Quests is a very common form of Ephemeral Goals. Another common way to introduce Ephemeral Goals into gameplay is to have a selection of Predefined Goals which are introduced either based on Randomness or some pre-determined cycle. This principle is found in games with Resource Generators that automatically produce game elements or Roleplaying Games that have random encounters. Ephemeral Goals can also be supported in games by allowing Player-Defined Goals to be defined during gameplay. These can either be encoded in the game system through explicit rules or be constructed outside the game system. In the latter case these goals automatically become Optional Goals as the definition then lies solely in the hands of the players.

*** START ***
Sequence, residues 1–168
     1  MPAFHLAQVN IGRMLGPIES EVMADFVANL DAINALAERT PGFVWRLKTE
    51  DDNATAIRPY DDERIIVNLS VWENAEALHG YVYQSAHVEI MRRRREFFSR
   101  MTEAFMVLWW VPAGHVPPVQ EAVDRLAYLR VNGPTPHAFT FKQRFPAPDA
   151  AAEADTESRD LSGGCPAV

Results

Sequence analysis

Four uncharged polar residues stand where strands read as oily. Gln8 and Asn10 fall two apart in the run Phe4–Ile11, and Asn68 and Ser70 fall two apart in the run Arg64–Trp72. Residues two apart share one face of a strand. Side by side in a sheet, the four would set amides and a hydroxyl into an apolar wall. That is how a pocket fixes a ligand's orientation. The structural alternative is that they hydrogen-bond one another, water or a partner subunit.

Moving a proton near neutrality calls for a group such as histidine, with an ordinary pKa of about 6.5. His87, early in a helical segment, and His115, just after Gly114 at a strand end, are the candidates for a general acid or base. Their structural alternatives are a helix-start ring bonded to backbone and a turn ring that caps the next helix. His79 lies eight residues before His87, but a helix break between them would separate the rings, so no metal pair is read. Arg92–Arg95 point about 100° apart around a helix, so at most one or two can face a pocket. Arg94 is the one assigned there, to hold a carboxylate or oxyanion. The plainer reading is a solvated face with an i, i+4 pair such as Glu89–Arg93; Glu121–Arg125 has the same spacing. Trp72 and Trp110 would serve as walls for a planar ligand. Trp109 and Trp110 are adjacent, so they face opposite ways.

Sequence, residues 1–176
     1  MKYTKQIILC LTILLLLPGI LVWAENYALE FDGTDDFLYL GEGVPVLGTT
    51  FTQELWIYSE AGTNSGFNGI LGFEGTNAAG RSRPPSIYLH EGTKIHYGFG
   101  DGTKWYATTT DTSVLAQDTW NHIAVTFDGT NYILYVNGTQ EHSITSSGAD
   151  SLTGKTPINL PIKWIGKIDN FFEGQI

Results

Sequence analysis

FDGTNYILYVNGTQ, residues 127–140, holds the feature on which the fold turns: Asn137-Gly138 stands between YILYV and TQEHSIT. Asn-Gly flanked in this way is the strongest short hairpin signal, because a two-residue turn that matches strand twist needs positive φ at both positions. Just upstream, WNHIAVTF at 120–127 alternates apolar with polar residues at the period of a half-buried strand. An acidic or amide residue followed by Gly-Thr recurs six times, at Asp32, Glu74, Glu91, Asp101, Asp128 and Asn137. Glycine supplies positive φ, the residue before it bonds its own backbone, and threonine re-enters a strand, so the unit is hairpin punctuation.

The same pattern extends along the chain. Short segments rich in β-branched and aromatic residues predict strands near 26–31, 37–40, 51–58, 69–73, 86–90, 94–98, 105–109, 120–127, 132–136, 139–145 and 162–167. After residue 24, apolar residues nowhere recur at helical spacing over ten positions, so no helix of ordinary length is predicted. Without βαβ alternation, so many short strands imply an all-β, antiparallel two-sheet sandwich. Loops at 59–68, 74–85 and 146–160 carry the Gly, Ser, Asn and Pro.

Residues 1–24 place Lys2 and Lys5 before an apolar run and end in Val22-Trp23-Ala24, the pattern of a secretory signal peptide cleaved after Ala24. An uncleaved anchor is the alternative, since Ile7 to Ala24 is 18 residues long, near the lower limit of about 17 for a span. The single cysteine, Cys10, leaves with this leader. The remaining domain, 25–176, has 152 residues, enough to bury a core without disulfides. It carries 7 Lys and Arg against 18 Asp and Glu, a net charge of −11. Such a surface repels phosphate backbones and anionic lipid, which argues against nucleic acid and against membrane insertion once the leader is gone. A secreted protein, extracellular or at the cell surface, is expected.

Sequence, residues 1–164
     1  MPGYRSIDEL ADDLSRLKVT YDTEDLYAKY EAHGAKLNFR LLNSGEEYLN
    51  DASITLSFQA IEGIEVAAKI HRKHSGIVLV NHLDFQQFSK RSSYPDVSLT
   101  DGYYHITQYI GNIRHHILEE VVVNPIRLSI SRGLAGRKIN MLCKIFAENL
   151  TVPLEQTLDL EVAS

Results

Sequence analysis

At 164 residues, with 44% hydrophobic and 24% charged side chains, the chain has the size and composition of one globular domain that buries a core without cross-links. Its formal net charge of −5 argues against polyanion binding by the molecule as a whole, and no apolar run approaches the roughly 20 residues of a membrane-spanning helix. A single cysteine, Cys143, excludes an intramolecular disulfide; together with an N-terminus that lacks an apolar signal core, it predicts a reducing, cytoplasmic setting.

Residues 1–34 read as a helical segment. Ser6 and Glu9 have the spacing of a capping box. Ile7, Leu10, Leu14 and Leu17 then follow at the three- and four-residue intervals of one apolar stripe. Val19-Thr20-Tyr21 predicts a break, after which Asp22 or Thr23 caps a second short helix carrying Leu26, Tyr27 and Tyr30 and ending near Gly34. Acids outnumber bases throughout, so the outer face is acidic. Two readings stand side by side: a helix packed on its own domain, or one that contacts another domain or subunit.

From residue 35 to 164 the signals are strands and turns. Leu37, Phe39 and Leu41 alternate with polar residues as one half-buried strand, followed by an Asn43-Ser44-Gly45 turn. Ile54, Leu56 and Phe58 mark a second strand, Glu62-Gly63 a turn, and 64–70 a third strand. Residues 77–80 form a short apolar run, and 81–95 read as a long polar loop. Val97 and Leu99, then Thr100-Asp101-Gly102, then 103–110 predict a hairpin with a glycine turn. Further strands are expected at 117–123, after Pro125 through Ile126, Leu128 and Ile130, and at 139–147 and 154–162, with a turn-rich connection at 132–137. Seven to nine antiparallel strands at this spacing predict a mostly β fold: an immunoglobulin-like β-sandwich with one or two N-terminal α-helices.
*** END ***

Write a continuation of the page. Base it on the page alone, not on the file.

Ephemeral Goals are often Preventing Goals in Multiplayer Games, simply because players striving towards such goals present themselves as targets from when they are first observed trying to reach the goal until the goal is reached or not longer possible to reach. In these cases where it may be difficult to provide specific Rewards related to the ephemeral aspect of the goal (except that preventing the other goal may be its own Reward). Games that want to acknowledge the possible Gameplay Mastery required to succeed with these types of goals may use specific Achievements - the Level a Charge and Fuel Crisis Achievements in Left 4 Dead 2 are both examples of this[1].

A way to vary a Selectable Set of Goals during gameplay is to have some of the goals in the sets be Ephemeral Goals that are only available at certain times.

Interface Aspects